Here's my review for dvdsnapshot.com!
Upon arrival at an elite martial arts conservatory, a group of young boys swear allegiance to each other and form a gang. A decade later at graduation, they unexpectedly cross paths with an evil martial arts master and foil his kidnapping plan. Now, they must put their combat skills to the test in order to defeat this enemy and save their brotherhood.
In the US, Jackie Chan has become synonymous with lighthearted martial arts films that exhibit a sense of humor coupled with dazzling action choreography. Chan executive produced the Sammo Hung starring, family-friendly Wushu and it has that same flavor. From the beginning the action sequences defer to gentle humor as Hung plays widowed father to two sons who join a trio of kids at a "martial arts conservatory."
The box cover copy is misleading to sell this like a crime thriller. If anyhting the crime subplot is almost extraneous. Instead of being about defeating "the brotherhood," Wushu is a "learning and growing through athletics" film. More Karate Kid than Karate Kid II. In fact, the first fifteen minutes play like a children's film until a creative sequence showing the children turning into their older counterparts by turning flips. Wushu may be "the ancient art of fighting," but they're more students of gymnastics. Even during their first combat exhibition you expect them to break out those long, twirling ribbons on sticks. A throwdown with the Bring It On girls feels almost in the offing.
(The "group of young boys" is also misleading as the team's fifth member is a girl who's just as agile in combat as the boys are.)
This "Scooby Gang" (The "Jing Wu Men," derived from Bruce Lee's film Fists of Fury) have cute teen romance and visits to amusement parks and movie sets while they foil a team of nefarious child kidnappers. Even Kung Fu Film legend Hung gets in on the action and proves one can still be incredibly nimble even with a great deal of middle-aged spread. He's still a pro, even if it's clear they're making some cheats to help him sell what used to look effortless. The rest of the cast are graceful athletes that prove that, even with a little wire-work cheating, there's a great deal of beauty and dance in martial arts.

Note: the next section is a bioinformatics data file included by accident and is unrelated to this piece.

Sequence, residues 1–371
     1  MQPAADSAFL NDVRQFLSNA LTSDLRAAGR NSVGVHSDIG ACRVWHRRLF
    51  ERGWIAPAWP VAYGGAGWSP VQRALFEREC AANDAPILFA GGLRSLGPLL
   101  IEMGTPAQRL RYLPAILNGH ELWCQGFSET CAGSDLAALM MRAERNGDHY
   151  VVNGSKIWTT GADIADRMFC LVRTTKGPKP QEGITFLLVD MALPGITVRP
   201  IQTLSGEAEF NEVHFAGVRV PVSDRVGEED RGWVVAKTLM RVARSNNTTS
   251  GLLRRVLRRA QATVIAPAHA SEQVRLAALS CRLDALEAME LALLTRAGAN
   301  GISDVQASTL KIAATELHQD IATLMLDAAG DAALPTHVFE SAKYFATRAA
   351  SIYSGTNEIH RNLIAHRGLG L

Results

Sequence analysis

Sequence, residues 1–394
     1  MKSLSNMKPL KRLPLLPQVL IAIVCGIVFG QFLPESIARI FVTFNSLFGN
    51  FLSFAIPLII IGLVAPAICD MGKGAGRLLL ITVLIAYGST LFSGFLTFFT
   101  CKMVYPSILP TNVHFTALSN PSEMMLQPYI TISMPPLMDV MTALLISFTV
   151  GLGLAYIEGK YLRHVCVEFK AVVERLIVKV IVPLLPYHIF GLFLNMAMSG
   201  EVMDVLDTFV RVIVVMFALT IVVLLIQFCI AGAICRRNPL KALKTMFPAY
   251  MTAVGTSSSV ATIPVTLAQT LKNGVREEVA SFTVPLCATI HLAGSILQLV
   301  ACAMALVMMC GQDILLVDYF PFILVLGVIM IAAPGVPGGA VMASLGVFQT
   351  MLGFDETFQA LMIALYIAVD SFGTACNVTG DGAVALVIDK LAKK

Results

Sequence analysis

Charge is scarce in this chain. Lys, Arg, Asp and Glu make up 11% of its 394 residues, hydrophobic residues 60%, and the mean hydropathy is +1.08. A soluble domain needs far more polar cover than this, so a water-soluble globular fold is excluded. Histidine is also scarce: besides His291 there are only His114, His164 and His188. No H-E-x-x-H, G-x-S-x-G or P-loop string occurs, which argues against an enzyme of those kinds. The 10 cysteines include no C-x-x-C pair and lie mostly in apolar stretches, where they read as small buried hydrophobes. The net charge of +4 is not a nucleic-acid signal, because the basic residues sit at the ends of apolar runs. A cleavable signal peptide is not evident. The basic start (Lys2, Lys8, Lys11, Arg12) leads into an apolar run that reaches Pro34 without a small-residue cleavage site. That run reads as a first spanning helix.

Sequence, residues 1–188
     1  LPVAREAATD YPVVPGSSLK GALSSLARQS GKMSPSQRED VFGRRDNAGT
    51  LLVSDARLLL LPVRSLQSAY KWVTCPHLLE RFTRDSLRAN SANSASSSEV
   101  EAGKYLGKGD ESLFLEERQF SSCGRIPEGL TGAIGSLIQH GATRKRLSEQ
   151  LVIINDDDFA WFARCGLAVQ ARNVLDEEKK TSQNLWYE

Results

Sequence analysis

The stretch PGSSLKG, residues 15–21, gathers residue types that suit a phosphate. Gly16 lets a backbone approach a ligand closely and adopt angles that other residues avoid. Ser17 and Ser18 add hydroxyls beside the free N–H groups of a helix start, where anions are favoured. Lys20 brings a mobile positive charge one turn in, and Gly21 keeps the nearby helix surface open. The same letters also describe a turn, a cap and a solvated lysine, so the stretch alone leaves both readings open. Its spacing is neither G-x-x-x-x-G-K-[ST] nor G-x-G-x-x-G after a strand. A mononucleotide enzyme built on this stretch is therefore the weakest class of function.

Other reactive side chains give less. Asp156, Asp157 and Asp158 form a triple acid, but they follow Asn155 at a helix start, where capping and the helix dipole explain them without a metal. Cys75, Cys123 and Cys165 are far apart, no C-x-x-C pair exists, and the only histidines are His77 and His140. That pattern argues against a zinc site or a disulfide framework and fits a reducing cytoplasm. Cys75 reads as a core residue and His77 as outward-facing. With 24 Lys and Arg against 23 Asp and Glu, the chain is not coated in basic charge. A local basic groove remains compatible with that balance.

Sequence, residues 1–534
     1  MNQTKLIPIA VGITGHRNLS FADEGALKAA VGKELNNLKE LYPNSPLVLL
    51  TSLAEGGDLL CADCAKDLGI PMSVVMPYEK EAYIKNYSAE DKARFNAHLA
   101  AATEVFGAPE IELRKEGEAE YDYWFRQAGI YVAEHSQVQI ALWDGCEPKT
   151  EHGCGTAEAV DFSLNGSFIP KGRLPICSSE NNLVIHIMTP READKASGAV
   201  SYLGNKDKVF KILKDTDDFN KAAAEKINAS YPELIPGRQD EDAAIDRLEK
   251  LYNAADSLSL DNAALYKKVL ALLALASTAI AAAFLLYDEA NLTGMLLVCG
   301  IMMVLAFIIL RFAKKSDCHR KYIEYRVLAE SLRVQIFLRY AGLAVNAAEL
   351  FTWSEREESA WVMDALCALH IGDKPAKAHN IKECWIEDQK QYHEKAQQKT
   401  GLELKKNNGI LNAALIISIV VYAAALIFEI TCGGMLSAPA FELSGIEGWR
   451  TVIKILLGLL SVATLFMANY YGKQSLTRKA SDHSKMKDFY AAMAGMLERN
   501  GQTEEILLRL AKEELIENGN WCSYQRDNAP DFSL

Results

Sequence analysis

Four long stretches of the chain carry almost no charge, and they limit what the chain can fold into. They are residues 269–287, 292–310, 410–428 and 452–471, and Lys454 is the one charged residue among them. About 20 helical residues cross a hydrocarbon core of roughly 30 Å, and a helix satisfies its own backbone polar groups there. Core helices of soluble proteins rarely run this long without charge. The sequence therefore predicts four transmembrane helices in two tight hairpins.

The last third of the film gets a little darker as our leads go from exhibition fighting to real combat, making the end, where they wrap up their athletic competitions in a time-worn fashion. You know who'll triumph, but the ride's still enjoyable.
Wushu is presented in a widescreen format with audio 5.1 Dolby Digital in both English dub and the original Mandarin. English and Spanish subtitles are available. The DVD's special features include a nearly 18 minute behind-the-scenes featurette featuring lots of fight choreography, a featurette on the film's Cannes premier, and trailers for Jackie Chan Presents Wushu, The Spy Next Door, The Forbidden Kingdom, and Lionsgate's Blu-Ray line.
PG-13 for action-violence but tame, the family-friendly, coming-of-age-thru-athletics comedy Wushu reminds that you can enjoy the gymnastic beauty of martial arts without much in the way of real violence. The humor is never saccharine sweet and there's genuine thrills in the action sequences... though be sure to warn the kids not to leap in front of roller coasters or giant, rolling drums.
All in all, Wushu is a pleasure.
(...though I kept picturing Nadia Comaneci wiping the floor with these kids.)